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No butts! Tobacco firms urged to ramp up efforts to collect discarded cigarettes themselves 

No butts! Tobacco firms are warned they face tougher laws requiring them to pick up fag ends off UK streets unless they ramp up efforts to collect discarded cigarettes themselves

  • Environment Minister warns tobacco giants to do more to pick up fag ends
  • Campaign group estimates 226 million butts were dropped in England last year 
  • Laid end to end they would be longer than the distance from London to New York

Tobacco firms are being warned they face tougher laws unless they do more to clear cigarette butts off the streets.

Environment Minister Rebecca Pow has summoned industry chiefs to a meeting to give them the choice of ramping up their own efforts to collect more discarded cigarette ends, or of being forced to do so.

She is focusing her fire on the Tobacco Manufacturers’ Association and cigarette giants Philip Morris and Japan Tobacco International, which owns the Silk Cut, Camel and Benson & Hedges brands.

Cigarette butts are classed as single-use plastics and contain toxic chemicals such as arsenic, lead and nicotine which pollute waterways and kill marine life and birds. A man is pictured above smoking [File photo]

Outlining the Government’s new hard line in a letter to them, seen by The Mail on Sunday, she says: ‘If we cannot progress this discussion… we will have to reflect on what steps the Government can take to ensure the tobacco industry takes increasing responsibility for the litter its products create.’

Cigarette ends account for 66 per cent of all litter on the streets and Keep Britain Tidy estimates 226 million butts were dropped in England last year. Laid end to end, they would stretch 3,567 miles –more than the distance between London and New York.

Five years ago, the tobacco industry promised to intensify its efforts to clear the waste, but since then has contributed a paltry £150,000 towards the clean-up costs.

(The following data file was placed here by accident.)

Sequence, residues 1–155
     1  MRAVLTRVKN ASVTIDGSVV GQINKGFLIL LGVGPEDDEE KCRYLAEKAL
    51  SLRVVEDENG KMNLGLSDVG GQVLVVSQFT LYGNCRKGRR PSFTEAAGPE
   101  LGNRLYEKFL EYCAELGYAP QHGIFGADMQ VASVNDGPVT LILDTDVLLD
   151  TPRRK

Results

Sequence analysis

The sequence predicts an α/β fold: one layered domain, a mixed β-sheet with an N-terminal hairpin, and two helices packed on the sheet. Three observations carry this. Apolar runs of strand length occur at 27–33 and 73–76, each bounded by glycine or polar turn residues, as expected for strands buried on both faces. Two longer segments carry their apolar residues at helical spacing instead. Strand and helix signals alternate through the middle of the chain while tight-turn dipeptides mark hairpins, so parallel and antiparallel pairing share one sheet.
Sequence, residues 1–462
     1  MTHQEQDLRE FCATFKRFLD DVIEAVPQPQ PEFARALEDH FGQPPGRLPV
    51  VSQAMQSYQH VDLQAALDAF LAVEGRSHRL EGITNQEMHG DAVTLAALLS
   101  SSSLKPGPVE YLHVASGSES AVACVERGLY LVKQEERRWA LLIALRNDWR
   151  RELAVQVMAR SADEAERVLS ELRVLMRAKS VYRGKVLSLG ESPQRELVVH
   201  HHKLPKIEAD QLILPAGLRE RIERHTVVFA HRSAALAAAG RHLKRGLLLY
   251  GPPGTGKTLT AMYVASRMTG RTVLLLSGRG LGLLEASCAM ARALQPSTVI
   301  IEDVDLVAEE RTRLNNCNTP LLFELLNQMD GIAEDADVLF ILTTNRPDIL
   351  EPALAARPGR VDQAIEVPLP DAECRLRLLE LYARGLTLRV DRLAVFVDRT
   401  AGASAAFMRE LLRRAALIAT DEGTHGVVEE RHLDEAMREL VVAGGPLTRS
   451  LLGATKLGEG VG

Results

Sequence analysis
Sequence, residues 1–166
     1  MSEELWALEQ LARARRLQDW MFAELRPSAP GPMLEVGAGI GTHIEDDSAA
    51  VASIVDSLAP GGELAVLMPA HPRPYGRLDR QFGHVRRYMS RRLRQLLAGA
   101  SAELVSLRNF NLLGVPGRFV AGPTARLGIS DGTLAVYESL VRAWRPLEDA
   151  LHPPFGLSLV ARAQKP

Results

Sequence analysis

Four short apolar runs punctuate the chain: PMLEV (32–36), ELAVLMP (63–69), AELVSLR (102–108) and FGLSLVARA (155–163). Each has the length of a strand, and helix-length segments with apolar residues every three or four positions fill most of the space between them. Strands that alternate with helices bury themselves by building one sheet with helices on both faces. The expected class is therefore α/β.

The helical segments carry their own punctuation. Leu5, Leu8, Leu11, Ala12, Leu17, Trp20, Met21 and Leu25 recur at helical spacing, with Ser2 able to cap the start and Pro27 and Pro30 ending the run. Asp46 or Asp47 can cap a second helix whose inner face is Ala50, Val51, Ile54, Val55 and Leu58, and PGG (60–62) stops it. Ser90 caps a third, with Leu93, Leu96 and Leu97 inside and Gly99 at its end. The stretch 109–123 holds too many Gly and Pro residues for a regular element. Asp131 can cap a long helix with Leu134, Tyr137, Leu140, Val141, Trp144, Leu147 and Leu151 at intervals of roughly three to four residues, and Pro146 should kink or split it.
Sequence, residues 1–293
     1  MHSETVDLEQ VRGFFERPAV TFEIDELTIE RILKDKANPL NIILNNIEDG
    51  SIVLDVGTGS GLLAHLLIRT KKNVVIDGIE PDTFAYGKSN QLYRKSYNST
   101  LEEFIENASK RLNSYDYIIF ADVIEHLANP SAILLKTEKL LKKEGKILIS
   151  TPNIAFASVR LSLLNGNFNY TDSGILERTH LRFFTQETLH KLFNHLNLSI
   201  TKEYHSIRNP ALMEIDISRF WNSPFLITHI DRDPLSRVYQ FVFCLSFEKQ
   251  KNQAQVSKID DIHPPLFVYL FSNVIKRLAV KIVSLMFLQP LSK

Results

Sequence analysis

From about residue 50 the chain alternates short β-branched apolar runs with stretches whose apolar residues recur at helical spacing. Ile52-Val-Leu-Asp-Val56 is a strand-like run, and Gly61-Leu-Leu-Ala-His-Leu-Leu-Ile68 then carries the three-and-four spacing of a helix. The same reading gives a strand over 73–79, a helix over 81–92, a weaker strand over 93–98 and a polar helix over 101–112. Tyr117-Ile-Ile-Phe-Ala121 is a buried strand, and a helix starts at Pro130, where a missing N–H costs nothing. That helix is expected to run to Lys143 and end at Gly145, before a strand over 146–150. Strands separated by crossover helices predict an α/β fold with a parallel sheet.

Cigarette butts are classed as single-use plastics and contain toxic chemicals such as arsenic, lead and nicotine which pollute waterways and kill marine life and birds. 

Pet cats and dogs also eat them, causing vomiting, convulsions and on occasion even death.

The precise cost of cleaning up the discarded ends is unknown, but the total amount spent by local authorities on litter stands at more than £1 billion a year.

JTI has spent £150,000 on regional clean-up campaigns in the last five years, but Keep Britain Tidy said other major firms and the TMA have spent nothing.

Richard McIlwain, deputy chief executive of Keep Britain Tidy, said: ‘It’s time for the tobacco industry to step up to the challenge of ridding our environment of the millions of discarded butts that litter our streets, parks and beaches, pollute our watercourses and oceans and add to the toxic plastic soup that is choking our marine environment.

Cigarette ends account for 66 per cent of all litter on the streets and Keep Britain Tidy estimates 226 million butts were dropped in England last year [File photo]

Cigarette ends account for 66 per cent of all litter on the streets and Keep Britain Tidy estimates 226 million butts were dropped in England last year [File photo]

‘Warm words and empty promises are not enough. We need them to take responsibility for the products they put on the market and educate their customers about doing the right thing with their butts once they have finished with them.

‘We know that many smokers don’t even consider their butts to be litter so there is a lot of work to do if we are to rid our environment of this menace.’

The Government is examining new powers under the Environment Bill that could force manufacturers to be responsible for all smoking-related litter.

Ministers have set a target of a smoke-free UK by 2030 but 7 million Britons admit to the habit, last year spending around £17.5 billion on tobacco products.

And a survey in 2018 found that 39 per cent of smokers had dropped a butt into the drain within the last month.

Smokers can face a fine of £65 to £150 for littering.

Read more at DailyMail.co.uk